Solar based electricity is becoming a norm in Australia. By December 2020, Australian people installed over 2.66 million solar installations that were generating over 20000 MW power at that time. The power demand may be huge, depending on the needs of every home or commercial entity. It’s not a good decision if you required little power and you are using higher equipment that can generate a surplus which isn’t required at all. Most households in Australia are 12 volts. When it comes right down to it, the use of any inverter with higher capacity doesn’t get much productive usage. Here smaller inverters become handy to power mini loads of alternate current supply. 300 watt inverter is the most suitable one in this regard.
We need inverters to convert direct current electricity into the alternate current to use for appliances, however, it’s a fact that some of the electricity may lose during the process of converting DC to AC. Large inverters lose more due to their size while small ones do less. Smaller inverters come with more benefits than larger ones. The inverter with smaller power, also known as microinverter and the bigger one known as string inverter, both have their own up and downsides. 300-watt inverters meet the definition of microinverters. Deep Cycle System offers a variety of both micro and string inverters. We will try to highlight some of the pros and cons of both micro and string inverters to make it more clear for you.
The primary job of any micro solar inverter is to convert the DC current from solar panels into AC current to make it compatible with home appliances. These microinverters are lightweight and normally installed underneath one solar panel on the rooftop, and they are connected via a parallel circuit, so any microinverter can generate a maximum output of a solar panel than a string inverter. Here are some key features of any microinverter:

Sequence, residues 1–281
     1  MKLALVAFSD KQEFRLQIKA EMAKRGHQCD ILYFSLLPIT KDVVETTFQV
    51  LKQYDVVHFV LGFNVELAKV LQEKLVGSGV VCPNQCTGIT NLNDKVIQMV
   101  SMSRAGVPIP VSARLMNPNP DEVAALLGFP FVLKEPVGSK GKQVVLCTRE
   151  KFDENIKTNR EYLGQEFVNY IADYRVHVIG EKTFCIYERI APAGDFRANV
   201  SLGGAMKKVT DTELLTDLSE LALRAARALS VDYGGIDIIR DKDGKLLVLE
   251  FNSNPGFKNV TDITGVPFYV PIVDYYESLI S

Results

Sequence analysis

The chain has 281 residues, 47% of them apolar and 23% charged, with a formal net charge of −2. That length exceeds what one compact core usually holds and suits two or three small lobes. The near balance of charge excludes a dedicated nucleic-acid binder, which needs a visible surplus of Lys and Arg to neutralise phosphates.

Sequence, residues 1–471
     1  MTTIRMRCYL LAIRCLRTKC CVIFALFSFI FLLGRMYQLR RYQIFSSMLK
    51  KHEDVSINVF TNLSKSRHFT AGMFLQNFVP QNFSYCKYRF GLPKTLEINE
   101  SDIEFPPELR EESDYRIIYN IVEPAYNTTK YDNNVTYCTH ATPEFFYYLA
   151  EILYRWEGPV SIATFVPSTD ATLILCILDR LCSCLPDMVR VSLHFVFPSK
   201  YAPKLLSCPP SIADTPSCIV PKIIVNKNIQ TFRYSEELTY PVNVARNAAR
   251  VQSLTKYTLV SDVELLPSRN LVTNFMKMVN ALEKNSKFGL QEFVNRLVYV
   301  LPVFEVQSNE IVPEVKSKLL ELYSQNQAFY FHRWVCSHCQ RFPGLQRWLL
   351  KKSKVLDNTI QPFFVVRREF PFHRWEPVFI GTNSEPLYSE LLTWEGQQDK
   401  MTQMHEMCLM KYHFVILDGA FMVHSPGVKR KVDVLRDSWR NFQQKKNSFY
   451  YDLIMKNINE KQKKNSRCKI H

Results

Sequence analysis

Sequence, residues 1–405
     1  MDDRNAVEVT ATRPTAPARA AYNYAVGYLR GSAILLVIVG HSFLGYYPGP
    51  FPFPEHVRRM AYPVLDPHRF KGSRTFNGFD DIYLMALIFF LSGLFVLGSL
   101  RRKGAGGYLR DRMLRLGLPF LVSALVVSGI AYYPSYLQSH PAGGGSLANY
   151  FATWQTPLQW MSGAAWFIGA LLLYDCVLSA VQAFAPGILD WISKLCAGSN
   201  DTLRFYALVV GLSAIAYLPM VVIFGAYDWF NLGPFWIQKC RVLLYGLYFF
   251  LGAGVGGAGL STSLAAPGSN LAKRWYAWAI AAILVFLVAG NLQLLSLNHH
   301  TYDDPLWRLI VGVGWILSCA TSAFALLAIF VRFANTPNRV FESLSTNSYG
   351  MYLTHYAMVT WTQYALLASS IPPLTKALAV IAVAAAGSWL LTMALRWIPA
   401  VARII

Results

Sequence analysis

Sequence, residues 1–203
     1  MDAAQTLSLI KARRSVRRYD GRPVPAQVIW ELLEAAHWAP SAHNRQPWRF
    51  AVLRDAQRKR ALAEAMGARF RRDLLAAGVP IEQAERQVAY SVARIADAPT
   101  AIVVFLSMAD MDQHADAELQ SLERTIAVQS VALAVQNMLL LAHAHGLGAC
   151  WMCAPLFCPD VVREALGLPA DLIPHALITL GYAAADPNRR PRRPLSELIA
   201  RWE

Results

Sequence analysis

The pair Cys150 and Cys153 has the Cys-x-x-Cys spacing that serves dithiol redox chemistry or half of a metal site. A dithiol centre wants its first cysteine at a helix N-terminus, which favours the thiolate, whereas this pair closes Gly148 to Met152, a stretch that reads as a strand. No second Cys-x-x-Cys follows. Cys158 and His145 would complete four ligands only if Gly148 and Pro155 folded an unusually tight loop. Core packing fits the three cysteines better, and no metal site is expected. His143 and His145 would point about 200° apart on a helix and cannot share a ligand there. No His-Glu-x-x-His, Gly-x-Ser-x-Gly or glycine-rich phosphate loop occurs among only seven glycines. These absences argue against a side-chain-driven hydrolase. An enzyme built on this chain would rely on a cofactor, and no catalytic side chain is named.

By theoretically, microinverters are more efficient than big inverters in generating electricity because of the minimum differences in currents among solar panels.
2: Instant shutdown
The updated electrical standards demands for rapid solar shutdown in a case where first respondents or firefighters need to be on rooftop or power lines need servicing.
3: Increased Lifespan
Typically, microinverters tend to have a 2x life span than string inverters due to the technological advancement and long warranties boost confidence to have them on board. The lifespan is also longer than string inverters, as the small wattage power requires no high power and heat exposure.
4: Easy to expand
The micro-inverters support any future expansion, or if you are running short of budget, you can add as per your finance and can add more when having a sufficient budget.
5: Panel Monitoring
Microinverters allow monitoring of each solar panel, which isn’t possible in the case of a string inverter as the string inverter system allows to monitor the entire system at once.
6: Easy to move
As the microinverters are lightweight and there is typically one solar panel attached to it, it’s quite easy to move the entire system. This works best with those who are moving around occasionally.
7: less noisy
Microinverters generate a fewer amount of heat and works without making a huge amount of noise and thus there is no need for any active cooling for them.
Microinverters have become a crucial element for a solar backup system, especially in the case of limited space solar panels while the shading is also an issue that may be due to surrounding trees or any other object causing hurdle for direct sunlight. They are lightweight, can be fixed easily and help to monitor the performance of every panel, so if you are looking for reliable 300 watt inverter, Deep Cycle System offers premium solar systems to Australian residents.
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